nuclear family/def of cohousing
From: Judy (BAXTER%EPIHUBVX.CIS.UMN.EDU)
Date: Fri, 15 Jul 94 15:36 CDT
Message author: Joyce Gorsuch  JCGORSUCH [at] UCDAVIS.EDU 
wrote:, 13 Jul 1994 22:59 -0500 (CDT)
that she agreed with my definitions below

>For me, a cohousing community is one subset of models for intentional
>communities , which is a more general term.  IE - there can be urban, rural,
>etc cohousing - they can set energy efficiency or self sufficiency as a
>priority or not, but still be cohousing plus a variation.  
>        Intentional community includes a huge range of models - from income
>pooling
>and all-communal dining and other very strong requirements for participation
>down to , I suppose, houses in the same neighborhood with some regular shared
>activities.  I'm not so sure how to define the limits on this.

<<<I agree with you, but I would add that the nuclear family is an integral
part of cohousing, perhaps even the focus of cohousing. Such has been my
experience living at N Street.
-Joyce Gorsuch>>>

I wonder about that.  Again, I suspect that there are different varieties of
cohousing, and I hope there will continue to be.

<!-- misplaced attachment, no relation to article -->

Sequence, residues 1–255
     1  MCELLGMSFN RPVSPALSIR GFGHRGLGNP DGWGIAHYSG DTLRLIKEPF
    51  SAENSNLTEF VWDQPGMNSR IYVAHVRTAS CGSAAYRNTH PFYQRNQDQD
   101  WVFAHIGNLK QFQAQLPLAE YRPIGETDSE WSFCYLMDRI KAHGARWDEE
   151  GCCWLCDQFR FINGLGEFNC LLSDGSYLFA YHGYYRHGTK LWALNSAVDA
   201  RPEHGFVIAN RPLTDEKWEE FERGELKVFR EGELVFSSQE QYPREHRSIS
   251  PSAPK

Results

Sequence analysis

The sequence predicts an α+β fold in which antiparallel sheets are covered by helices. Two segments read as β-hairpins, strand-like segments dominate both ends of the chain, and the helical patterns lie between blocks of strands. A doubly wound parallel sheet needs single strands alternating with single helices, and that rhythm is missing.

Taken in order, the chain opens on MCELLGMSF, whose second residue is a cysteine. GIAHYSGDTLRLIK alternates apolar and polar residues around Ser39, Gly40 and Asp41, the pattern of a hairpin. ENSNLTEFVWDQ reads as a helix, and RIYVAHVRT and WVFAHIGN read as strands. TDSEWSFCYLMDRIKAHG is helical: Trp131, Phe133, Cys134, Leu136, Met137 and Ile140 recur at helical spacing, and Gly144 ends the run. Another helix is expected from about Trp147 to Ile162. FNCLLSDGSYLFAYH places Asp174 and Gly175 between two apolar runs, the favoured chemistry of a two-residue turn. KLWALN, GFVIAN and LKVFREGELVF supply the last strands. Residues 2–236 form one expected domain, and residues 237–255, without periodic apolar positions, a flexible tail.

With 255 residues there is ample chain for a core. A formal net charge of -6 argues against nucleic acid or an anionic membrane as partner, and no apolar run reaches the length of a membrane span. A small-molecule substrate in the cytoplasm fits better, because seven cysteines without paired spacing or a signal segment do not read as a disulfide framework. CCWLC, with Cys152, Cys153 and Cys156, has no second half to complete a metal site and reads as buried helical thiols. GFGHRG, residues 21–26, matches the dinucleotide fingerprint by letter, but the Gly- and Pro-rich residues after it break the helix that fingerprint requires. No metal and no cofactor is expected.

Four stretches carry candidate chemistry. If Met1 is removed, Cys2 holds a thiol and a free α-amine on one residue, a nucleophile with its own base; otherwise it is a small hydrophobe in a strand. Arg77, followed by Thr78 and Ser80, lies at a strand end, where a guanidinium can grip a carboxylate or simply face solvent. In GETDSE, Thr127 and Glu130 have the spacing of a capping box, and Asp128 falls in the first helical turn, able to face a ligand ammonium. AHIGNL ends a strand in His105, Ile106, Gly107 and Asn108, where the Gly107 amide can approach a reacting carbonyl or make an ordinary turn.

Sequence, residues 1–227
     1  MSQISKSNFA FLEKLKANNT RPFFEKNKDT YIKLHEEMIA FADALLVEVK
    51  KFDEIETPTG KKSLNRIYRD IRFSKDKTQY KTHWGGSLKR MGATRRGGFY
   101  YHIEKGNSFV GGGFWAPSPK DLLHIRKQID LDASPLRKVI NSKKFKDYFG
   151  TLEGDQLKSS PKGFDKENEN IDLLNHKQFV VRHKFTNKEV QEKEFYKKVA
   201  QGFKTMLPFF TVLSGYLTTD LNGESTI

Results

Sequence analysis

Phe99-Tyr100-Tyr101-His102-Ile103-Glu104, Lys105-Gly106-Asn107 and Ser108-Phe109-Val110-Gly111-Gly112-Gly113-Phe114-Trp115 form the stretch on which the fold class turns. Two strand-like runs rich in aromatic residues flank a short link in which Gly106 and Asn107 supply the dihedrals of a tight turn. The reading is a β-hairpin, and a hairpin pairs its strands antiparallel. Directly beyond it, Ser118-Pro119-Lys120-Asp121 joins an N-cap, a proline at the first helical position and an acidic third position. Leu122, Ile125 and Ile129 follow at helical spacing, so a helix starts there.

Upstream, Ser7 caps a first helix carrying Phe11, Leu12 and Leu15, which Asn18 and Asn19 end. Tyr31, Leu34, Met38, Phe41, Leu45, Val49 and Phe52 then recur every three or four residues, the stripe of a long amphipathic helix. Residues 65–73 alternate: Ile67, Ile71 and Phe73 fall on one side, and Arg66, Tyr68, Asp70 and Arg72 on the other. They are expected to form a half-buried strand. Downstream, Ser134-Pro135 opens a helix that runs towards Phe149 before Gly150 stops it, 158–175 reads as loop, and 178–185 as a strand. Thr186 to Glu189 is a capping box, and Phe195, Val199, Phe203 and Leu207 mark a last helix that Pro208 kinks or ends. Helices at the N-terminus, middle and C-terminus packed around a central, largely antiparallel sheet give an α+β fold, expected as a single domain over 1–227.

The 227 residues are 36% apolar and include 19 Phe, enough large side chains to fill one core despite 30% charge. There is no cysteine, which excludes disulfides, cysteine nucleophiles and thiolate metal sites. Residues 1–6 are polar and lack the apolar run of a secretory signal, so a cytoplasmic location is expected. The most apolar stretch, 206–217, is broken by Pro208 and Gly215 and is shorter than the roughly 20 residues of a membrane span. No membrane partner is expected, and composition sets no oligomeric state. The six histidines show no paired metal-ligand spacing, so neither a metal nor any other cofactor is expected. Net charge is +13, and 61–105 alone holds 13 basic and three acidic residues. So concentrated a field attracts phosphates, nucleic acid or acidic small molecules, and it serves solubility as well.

In our group, looking only at full members, not associates, we have 6 singles,
out of 16 (or 17 - I hear one couple has applied for membership) households.  
It is a mix.  And I heard that Doyle Street (Emeryville) has very few children. 

I like Rob (Sandelin)'s championing of many models for community, and N Street
sounds wonderful.  However, in Minnesota winters, I would really like to live
close to my neighbors.   

And I observed an interesting phenomenon, in my old, wonderful neighborhood in
Minneapolis. I was for many years very close to a family at the other end of
the block - we shared dinners, babysat each others kids, lent tools, cars, etc.
Very close-it was great.  AND, in winter, we almost never saw each other except
by arrangement, by phone. Whereas when some friends rented the house next door,
we would see each other going in and out and that relationship grew because of
it.  My observation was that the farther away my friends/acquaintances lived,
the more barriar there was to dropping in, the less we intereacted
spontaneously.  So I guess I am saying that I don't know what the magic
distance is to help a community gel, but I wouldn't want to get too spread out. 
 

On the other hand, the thought of avoiding all this development XXXXXXX is 
so oo o o   appealing.
Judy

Judy Baxter, Monterey Cohousing Community, (MoCoCo)
Twin Cities Area, Minneapolis/St.Paul Minnesota
e-mail: baxter [at] epivax.epi.umn.edu
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